The “Introduction” section consists of two chapters: one by the editor, Alice Hunt, outlining the rationale for the volume and its organization, and the other by Michael Tite, who gives an excellent overview of the history of scientific research on pottery, including a nice nod to future directions in the field.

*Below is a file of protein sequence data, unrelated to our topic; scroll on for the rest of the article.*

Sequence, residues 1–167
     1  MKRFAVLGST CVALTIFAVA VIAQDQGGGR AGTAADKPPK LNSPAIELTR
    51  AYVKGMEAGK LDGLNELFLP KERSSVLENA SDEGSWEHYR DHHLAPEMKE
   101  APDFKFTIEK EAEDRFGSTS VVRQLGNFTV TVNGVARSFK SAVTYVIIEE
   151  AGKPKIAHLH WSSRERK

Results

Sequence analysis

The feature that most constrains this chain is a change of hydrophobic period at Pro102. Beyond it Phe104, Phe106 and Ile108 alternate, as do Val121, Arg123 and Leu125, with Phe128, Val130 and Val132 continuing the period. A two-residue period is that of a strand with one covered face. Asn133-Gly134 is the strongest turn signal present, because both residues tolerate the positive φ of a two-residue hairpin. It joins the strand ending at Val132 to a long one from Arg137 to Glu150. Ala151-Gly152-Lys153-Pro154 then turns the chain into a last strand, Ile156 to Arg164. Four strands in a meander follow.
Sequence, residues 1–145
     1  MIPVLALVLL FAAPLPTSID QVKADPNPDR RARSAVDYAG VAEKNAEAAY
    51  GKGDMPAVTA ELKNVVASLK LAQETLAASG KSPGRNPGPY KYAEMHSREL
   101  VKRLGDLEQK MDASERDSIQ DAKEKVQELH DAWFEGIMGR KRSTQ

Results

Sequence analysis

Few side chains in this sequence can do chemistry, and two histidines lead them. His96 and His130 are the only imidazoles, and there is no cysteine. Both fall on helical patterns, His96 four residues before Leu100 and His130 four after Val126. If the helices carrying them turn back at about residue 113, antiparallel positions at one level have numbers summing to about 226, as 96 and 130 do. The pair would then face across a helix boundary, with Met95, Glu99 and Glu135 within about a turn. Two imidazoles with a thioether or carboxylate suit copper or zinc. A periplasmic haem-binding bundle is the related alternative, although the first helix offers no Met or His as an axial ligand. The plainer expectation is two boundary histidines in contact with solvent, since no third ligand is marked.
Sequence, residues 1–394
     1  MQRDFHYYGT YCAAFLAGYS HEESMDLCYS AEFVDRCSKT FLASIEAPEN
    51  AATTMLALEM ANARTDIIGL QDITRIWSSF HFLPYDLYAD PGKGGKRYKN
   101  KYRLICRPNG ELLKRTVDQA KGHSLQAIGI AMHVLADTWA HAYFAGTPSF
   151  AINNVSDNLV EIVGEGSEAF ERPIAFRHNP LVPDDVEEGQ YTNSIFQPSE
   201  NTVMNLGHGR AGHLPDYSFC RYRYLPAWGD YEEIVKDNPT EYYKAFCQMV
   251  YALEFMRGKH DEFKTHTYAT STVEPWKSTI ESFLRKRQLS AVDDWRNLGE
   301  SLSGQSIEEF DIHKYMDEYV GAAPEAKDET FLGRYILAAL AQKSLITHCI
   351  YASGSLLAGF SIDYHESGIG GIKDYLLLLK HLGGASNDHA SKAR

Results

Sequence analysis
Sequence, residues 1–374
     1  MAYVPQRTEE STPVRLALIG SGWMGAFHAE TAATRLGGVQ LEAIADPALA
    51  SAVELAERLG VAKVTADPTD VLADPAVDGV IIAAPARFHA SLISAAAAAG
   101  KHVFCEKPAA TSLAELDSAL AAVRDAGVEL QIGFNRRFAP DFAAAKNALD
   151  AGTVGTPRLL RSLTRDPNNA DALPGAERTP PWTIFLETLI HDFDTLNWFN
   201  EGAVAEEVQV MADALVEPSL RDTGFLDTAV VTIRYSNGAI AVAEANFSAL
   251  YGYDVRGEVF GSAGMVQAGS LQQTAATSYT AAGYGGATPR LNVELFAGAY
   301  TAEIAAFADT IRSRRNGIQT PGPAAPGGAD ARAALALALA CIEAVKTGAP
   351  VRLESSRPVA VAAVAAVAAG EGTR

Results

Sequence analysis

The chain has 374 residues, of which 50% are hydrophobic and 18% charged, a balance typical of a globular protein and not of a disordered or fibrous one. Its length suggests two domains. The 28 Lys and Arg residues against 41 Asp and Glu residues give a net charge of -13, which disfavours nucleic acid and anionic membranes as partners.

In the second part, “Research Designs and Data Analysis”, four chapters discuss how to avoid pitfalls when incorporating ceramic analysis into an archaeological project and how to deal with different types of data from such analyses in a general way. In Chapter 3, Buxeda i Garrigos and Madrid i Fernandez discuss how archaeology and archaeometry were successfully integrated to study Hispanic terra sigillata at sites across Spain. In the following chapter, Hazenfratz-Marks highlights the importance of evaluating uncertainty in archaeometric analysis as well as the main sources of variance in data and how to compensate for it. Although not related to a specific approach, Bishop’s chapter (5) on mathematical analyses of data is a boon for the non-specialist. It clearly and succinctly presents the common statistical data types, tests, and tools that are best suited for describing and analyzing archaeological ceramics. A useful discussion of “recycling” data from previous studies is given by Boulanger in Chapter 6, which ends with a cogent and persuasive argument against “silo science,” urging more standardization, transparency, and cooperation between research projects instead.